Computer memory saves all data in digital form. There is no way to store characters directly. Each character has its digital code equivalent: ASCII code (for American Standard Code for Information Interchange). Basic ASCII code represented characters as 7 bits (for 128 possible characters, numbered from 0 to 127). In the 1960s, the ASCII code was adopted as the new standard. With it, characters can be coded using 8 bits for 256 possible characters.
What is the ASCII code chart?
Codes 0 to 31 are not used for characters They are called control characters because they are used for actions like:
- Carriage return (CR).
- Bell (BEL).
Codes 65 to 90 stand for uppercase letters, and codes 97 to 122 stand for lowercase letters (Changing the 6th-bit switches uppercase to lowercase; this is equivalent to adding 32 to the ASCII code in base-10.)
ASCII character chart
|Character||ASCII Code||Hexadecimal Code|
|SOH (Start of heading)||1||01|
|STX (Start of text)||2||02|
|ETX (End of text)||3||03|
|EOT (End of transmission)||4||04|
|TAB (Horizontal tabulation)||9||09|
|LF (Line Feed)||10||0A|
|VT (Vertical tabulation)||11||0B|
|FF (Form feed)||12||0C|
|CR (Carriage return)||13||0D|
|SO (Shift out)||14||0E|
|SI (Shift in)||15||0F|
|DLE (Data link escape)||16||10|
|DC1 (Device control 1)||17||11|
|DC2 (Device control 2)||18||12|
|DC3 (Device control 3)||19||13|
|DC4 (Device control 4)||20||14|
|NAK (Negative acknowledgement)||21||15|
|SYN (Synchronous idle)||22||16|
|ETB (End of transmission block)||23||17|
|EM (End of medium)||25||19|
|FS (File separator)||28||1C|
|GS (Group separator)||29||1D|
|RS (Record separator)||30||1E|
|US (Unit separator)||31||1F|
Extended ASCII Character Chart
ASCII Code was developed for use with the English language. It does not have accented characters, or language-specific characters. To encode such a character, a different code system is needed. ASCII code was extended to 8 bits (a byte) in order to be able to encode more characters (this is also known as Extended ASCII Code). This code assigns the values 0 to 255 (coded as 8 bits, that is, 1 byte) to uppercase and lowercase letters, digits, punctuation marks and other symbols (including accented characters, in the code iso-latin1).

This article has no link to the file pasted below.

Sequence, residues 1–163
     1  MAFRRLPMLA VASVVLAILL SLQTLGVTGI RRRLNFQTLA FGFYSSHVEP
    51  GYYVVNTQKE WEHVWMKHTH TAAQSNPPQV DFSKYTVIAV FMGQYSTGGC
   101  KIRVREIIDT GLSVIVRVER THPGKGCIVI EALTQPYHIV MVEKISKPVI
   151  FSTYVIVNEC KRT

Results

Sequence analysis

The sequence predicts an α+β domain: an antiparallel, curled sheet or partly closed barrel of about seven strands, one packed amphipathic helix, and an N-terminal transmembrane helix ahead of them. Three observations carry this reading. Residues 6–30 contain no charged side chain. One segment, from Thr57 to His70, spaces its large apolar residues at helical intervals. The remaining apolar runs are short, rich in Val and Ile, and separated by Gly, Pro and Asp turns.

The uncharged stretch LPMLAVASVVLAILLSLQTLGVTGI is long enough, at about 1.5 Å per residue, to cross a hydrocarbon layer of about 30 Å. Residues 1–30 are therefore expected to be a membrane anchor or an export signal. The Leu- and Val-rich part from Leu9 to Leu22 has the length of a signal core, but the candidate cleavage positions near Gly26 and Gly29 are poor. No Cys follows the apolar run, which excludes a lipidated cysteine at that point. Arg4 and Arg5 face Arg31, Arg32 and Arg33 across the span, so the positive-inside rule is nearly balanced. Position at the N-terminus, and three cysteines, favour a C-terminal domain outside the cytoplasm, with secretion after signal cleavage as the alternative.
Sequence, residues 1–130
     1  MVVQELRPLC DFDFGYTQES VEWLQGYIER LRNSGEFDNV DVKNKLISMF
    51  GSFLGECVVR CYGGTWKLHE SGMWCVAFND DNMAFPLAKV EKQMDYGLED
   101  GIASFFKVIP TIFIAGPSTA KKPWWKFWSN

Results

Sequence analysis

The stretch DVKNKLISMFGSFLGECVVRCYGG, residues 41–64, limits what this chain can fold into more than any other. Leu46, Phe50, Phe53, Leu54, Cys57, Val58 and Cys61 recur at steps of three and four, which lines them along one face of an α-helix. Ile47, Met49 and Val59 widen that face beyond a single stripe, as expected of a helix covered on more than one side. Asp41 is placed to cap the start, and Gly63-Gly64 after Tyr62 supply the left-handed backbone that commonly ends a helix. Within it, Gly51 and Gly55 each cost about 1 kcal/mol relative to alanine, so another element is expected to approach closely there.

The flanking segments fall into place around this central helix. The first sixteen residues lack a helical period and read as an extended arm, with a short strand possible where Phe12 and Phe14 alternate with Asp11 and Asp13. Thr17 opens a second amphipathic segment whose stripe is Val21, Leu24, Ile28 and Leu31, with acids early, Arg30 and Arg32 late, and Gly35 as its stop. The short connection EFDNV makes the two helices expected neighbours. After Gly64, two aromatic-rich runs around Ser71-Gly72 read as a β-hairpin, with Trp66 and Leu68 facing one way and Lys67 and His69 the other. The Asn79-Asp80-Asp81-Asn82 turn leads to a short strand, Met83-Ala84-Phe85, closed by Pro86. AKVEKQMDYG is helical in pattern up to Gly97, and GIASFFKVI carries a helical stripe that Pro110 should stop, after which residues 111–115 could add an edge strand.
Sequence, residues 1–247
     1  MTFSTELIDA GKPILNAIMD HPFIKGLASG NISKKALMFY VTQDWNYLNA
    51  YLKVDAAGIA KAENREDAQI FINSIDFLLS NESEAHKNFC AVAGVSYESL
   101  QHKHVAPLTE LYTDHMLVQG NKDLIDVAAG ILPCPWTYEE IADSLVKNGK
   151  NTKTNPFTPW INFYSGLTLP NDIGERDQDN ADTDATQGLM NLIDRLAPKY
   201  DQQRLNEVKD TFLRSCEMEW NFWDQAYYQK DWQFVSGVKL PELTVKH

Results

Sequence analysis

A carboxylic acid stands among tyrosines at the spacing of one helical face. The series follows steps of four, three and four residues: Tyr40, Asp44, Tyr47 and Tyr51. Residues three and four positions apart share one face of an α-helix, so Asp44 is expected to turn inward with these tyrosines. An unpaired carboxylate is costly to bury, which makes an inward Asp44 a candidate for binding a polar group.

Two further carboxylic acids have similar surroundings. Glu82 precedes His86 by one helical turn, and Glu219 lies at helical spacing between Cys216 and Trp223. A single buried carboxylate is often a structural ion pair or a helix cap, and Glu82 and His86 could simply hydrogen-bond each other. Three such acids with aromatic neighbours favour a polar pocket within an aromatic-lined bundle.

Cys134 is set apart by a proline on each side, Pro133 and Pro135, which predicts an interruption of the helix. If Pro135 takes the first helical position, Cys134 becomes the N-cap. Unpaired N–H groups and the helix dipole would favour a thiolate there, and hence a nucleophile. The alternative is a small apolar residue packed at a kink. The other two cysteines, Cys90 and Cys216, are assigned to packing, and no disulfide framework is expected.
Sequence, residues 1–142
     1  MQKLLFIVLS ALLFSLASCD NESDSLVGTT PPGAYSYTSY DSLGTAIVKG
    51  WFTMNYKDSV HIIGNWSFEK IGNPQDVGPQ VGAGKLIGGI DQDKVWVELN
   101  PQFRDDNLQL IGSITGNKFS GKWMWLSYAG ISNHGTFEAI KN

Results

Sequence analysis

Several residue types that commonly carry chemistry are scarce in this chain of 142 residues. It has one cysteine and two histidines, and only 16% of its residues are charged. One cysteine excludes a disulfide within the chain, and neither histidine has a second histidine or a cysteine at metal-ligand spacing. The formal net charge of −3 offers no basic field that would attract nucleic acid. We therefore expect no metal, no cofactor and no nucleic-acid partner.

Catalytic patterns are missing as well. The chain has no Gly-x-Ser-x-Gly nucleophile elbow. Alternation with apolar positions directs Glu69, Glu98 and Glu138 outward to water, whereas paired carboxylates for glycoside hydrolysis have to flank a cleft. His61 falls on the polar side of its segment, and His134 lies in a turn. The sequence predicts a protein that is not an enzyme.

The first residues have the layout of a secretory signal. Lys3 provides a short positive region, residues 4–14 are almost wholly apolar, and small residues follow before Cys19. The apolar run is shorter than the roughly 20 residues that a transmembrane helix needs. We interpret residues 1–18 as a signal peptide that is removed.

Extended ASCII code is not standardized, and varies depending on which platform is used.
The two most commonly used extended ASCII character sets are:
- OEM Extended ASCII Code: it was built into the first IBM PCs.
- ANSI Extended ASCII CODE: it is used by recent operating systems
What is the EBCDIC code?
Developed by IBM, EBCDIC code (short for Extended Binary-Coded Decimal Interchange Code) is used for encoding characters with 8 bits. Though widespread on IBM computers, it has not been as successful as ASCII code.
What is unicode?
Unicode is a 16-bit character encoding system developed in 1991. Unicode can express any character as a 16-bit code, regardless of operating system or programming language.
It includes almost all current alphabets (among them Arabic, Armenian, Cyrillic, Greek, Hebrew, and Latin) and is compatible with ASCII code.
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